Play a Minute-to-Win-It game to talk about determination and not quitting. Give each player 25 M&M’s (or Skittles), a straw and two paper plates. Players must place a straw in their mouth and use suction to transfer a pile of 25 M&M’s from one plate to another in under one minute. (Use only one hand to hold the straw.) If they can’t get all the M&M’s transferred in one minute, give them more chances to keep trying. (You may be need to adjust the number for younger kids.) When finished, talk about it and eat the candy!
How did you feel as you were trying to transfer the candy in one minute?
How did you feel when you are finally able to do it?
You were determined. What does it mean to be determined? To be determined means that you don’t give up, no matter what. You keep trying. Even when it’s hard, keep going and don’t give up!
Depending on the ages of your kids, pick an appropriate task. Stack so many blocks or Starburst pieces. Move so many cotton balls from one plate to another. Etc.
Announce that you want to play a game. Get out the game board and about halfway through the game, say, “I quit” and walk away. (The kids will be yelling, “That’s not fair! You can’t do that!”)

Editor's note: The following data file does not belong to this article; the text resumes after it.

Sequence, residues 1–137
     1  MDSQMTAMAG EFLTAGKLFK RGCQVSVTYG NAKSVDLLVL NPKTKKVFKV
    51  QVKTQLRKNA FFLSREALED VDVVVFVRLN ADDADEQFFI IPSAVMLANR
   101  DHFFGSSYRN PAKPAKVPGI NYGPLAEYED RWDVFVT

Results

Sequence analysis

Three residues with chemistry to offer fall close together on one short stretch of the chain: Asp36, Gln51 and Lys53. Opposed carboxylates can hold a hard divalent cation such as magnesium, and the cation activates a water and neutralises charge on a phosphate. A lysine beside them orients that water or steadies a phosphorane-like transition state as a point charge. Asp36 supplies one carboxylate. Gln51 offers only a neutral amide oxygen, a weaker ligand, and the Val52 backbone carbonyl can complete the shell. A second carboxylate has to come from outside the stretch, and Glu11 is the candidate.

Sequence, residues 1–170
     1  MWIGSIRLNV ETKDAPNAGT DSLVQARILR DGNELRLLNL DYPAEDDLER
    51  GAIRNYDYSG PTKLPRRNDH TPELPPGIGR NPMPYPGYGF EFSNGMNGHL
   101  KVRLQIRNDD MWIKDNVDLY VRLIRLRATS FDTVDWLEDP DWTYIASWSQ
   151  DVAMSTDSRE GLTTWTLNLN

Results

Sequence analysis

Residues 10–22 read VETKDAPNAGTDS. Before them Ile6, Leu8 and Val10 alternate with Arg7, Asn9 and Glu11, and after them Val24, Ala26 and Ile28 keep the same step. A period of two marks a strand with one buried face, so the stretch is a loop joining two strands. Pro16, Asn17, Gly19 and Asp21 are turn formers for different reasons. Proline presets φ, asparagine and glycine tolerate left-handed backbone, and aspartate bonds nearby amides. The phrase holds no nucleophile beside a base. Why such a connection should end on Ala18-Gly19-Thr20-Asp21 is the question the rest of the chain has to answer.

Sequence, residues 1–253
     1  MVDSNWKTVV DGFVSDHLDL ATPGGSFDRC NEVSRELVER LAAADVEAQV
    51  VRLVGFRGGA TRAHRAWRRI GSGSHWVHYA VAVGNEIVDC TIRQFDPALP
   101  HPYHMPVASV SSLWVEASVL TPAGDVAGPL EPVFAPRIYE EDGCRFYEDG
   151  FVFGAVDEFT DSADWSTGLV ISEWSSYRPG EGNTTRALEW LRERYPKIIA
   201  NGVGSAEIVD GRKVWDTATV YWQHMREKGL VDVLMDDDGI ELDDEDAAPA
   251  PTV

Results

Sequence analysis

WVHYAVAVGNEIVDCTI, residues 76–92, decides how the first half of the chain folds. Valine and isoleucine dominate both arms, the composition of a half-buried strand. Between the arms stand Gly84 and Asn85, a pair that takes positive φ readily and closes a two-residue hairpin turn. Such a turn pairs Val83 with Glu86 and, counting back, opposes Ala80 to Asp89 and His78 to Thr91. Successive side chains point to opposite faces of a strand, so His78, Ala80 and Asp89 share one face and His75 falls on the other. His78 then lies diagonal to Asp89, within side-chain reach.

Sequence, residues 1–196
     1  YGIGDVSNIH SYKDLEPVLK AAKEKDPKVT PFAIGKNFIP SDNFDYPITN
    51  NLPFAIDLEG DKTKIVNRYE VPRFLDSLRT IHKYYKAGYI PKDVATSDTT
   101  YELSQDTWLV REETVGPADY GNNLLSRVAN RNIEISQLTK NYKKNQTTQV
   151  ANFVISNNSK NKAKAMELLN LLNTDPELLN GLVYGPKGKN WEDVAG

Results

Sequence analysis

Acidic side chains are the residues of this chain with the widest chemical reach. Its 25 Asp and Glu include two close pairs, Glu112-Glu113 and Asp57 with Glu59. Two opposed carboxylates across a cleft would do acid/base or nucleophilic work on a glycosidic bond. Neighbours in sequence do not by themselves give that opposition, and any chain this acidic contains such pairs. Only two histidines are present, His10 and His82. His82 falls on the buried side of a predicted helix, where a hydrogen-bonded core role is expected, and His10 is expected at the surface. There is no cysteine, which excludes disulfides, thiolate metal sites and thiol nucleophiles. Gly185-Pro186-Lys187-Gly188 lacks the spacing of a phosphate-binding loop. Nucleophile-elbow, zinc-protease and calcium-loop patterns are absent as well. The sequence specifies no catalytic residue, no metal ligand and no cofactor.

Come back to the table and ask:
How did you feel when I quit the game?
Why is it important to stick with something to the end?
Jesus said that a person who wants to be His disciple must stick with it. They must count the cost and be sure they are willing to follow Him. There are some who want to quit when things are hard, but a true follower of Jesus stays with Him no matter what (Luke 14:33).
Don’t forget to come back to the table and FINISH the game—even if you don’t win.
Quit any job in the middle—quit making dinner, cut half the yard and put the mower away, etc. When the kids notice, ask them why it’s important to stay with something until it’s done.
Pick a “job” to do together as a family. (Some ideas: Organize the playroom; shovel the neighbor’s sidewalk—if you have snow; wash and vacuum the car; cook a meal for company; meet a fitness goal; etc.)
Carve out a time to do it and divide up the responsibilities between family members. Try to make it fun, if possible. See how many dirty socks you can land in the clothes basket. Hide dollars to be found around the room. Write out the chores and let each person pick one. Play music.
When you finish, share a treat and talk about the reward of intentionally working together.
How does it feel to have this big job accomplished?
What would have happened if no one would have helped or some would have quit?
Why is it important for all of us to stay with it?
We need to be equally committed to loving and serving God and others.